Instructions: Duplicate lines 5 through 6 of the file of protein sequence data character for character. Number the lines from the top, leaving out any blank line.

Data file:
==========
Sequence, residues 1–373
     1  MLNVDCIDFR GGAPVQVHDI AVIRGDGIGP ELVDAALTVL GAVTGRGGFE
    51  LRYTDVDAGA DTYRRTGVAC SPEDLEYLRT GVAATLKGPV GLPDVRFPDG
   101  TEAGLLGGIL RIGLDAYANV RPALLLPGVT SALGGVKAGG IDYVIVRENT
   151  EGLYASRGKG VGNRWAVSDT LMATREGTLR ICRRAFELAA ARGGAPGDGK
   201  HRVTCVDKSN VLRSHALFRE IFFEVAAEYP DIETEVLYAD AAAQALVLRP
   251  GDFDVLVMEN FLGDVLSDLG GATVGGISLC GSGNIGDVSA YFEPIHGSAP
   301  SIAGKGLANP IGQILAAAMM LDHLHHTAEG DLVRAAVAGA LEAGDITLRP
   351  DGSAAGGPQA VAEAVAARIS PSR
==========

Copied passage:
   151  EGLYASRGKG VGNRWAVSDT LMATREGTLR ICRRAFELAA ARGGAPGDGK
   201  HRVTCVDKSN VLRSHALFRE IFFEVAAEYP DIETEVLYAD AAAQALVLRP